Up until last spring there had only been three occasions in the last 30 years or so when gannets had been seen settling down on the cliffs at St Abb’s Head. In late May 2016, a number of birds started prospecting one of the large seabird stacks (Foul Carr) with a few settling onto the stack and pairing up, looking like they were getting ready to breed. One pair even brought in nesting material which, but nothing came of it.
This year, the prospecting birds came earlier and in larger numbers, with around 70 gannets scouting out the same stack, and with many pairs settling on the stack and performing courtship displays. However, as with last year, after a short flurry of activity most of the birds left, leaving just three pairs of birds which have been sitting tight since then.
The sighting of an egg, at the beginning of June, was a first in itself, and we have been watching and waiting with baited breath to see if anything would come of it.
It was such a momentous record that when Zander spotted it he called me and I went up to verify the sighting. Gannet chicks are naked when they hatch, so the adults sit pretty tight on them to keep them warm until they develop insulating down. So it was a nail biting hour and half, a during which we were only getting the briefest of glimpses of something in the nest, before I was able to get a good enough view to confirm that it was definitely a chick and Zander wasn’t just seeing things! Its also been tricky getting a photo of the small chick - but Zander did manage to snatch this shot when the adult stood up to stretch. No doubt we will get more once the chick gets a bit bigger and grows down.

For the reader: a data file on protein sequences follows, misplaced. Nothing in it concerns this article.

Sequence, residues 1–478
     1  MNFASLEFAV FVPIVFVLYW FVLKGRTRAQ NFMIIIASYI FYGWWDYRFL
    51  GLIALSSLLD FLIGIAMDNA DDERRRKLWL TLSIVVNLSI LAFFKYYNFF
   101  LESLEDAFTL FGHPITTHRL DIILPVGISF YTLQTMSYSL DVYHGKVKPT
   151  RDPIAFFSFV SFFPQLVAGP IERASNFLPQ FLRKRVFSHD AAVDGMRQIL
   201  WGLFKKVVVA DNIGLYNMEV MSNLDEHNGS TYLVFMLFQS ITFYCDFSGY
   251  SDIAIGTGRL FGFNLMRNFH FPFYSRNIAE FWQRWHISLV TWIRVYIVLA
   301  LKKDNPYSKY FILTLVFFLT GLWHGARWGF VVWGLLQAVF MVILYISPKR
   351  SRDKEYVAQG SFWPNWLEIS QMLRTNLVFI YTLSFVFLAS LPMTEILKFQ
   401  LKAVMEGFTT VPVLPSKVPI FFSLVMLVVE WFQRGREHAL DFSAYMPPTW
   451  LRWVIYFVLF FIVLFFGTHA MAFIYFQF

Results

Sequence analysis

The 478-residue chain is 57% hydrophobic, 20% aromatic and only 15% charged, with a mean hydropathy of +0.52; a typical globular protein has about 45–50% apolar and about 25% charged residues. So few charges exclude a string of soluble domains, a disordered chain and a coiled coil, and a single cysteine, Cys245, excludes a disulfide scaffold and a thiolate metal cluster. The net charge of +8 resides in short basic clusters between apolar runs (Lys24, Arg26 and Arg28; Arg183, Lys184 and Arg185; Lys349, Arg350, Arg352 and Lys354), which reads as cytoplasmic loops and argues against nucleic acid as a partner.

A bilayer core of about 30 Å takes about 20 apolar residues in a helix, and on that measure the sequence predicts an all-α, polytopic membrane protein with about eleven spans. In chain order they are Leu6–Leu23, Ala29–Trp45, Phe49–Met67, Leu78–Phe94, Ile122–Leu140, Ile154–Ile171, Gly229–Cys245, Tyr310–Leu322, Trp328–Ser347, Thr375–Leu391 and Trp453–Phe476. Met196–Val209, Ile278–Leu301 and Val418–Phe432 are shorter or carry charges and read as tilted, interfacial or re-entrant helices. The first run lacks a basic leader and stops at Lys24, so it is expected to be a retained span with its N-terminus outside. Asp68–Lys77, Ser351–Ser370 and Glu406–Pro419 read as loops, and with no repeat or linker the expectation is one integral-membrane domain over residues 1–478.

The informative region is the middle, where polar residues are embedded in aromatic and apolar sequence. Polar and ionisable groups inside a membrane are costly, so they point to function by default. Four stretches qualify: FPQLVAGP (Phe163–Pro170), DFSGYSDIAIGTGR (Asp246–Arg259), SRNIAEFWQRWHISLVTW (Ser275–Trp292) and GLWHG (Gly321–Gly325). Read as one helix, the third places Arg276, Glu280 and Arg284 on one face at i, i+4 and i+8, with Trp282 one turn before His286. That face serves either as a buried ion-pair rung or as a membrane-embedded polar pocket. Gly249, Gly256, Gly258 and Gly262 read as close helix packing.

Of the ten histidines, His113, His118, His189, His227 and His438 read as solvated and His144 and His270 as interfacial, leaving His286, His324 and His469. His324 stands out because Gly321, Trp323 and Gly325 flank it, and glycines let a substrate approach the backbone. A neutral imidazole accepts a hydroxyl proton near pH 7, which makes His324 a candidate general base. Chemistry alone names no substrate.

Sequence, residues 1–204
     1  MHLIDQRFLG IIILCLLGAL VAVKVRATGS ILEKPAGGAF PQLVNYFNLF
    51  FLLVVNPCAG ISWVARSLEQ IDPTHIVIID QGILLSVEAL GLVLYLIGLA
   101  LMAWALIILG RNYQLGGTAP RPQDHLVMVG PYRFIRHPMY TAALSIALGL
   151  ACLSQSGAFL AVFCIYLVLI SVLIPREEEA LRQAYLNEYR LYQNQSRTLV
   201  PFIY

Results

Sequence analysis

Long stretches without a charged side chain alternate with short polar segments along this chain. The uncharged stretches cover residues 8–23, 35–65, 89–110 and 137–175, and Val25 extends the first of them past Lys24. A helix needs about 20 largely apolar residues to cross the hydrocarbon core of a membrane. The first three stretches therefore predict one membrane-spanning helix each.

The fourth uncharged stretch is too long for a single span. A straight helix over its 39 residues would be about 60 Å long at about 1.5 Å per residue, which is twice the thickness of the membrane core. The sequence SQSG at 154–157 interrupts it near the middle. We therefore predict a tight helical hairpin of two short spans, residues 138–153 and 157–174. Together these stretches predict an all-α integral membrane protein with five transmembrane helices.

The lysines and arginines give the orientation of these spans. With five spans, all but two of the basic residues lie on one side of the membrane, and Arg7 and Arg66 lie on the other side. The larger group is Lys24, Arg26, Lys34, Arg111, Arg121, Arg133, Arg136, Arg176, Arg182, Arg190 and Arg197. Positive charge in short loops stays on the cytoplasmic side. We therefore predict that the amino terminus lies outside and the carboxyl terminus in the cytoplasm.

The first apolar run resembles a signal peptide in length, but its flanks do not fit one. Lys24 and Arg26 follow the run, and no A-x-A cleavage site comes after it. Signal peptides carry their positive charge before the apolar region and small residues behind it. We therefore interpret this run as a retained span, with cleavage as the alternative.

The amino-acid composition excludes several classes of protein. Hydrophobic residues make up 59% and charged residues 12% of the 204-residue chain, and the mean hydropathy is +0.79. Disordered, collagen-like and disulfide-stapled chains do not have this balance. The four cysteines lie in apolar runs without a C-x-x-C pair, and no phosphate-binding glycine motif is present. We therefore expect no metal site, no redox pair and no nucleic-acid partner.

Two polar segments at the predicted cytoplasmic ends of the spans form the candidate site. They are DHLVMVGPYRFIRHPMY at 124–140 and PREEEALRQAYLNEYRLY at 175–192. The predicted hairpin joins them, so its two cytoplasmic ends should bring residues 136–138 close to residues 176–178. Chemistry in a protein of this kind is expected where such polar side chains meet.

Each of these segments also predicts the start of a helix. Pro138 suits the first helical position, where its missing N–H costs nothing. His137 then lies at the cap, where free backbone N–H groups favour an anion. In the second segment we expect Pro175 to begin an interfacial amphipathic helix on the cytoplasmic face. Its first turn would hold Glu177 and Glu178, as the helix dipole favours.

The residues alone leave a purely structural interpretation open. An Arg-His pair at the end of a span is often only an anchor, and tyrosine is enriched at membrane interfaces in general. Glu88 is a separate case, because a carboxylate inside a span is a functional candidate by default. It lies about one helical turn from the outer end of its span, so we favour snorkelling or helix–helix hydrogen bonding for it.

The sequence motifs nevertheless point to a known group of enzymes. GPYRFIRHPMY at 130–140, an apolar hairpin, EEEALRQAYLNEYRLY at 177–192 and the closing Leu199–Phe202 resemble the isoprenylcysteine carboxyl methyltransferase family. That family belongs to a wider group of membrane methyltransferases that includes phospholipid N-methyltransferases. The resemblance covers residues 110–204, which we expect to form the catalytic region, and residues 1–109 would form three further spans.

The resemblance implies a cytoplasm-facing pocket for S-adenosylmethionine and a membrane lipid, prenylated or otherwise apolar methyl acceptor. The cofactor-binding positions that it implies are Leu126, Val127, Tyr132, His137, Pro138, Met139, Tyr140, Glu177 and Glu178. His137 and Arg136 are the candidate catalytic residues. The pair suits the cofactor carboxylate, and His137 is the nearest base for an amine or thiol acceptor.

With Bass Rock, the world’s largest breeding colony of gannets just a few miles up the coast, full to capacity, it was only a matter of time before gannets started checking out the cliffs at St Abb’s Head for suitable nest sites. Gannets are stunning birds to behold and there has been a palpable air of excitement surrounding their presence here at St Abb’s Head over the last couple of years. However, we do have slightly mixed feelings about them taking up residence at St Abb's Head. Over the last 20 years seabird numbers at St Abb’s Head have declined from 80,000 to just under 45,000 birds, reflecting UK wide declines. The only species that have maintained their numbers have been guillemots and razorbills. The stack on which the gannets have chosen to breed is a favoured breeding area for guillemots, so I fear that as gannet numbers increase, as they are bound to, the guillemots will be pushed out. This feels very much like a pivotal moment for the seabird colony at St Abb’s Head, and only time will tell what will happen in the years to come.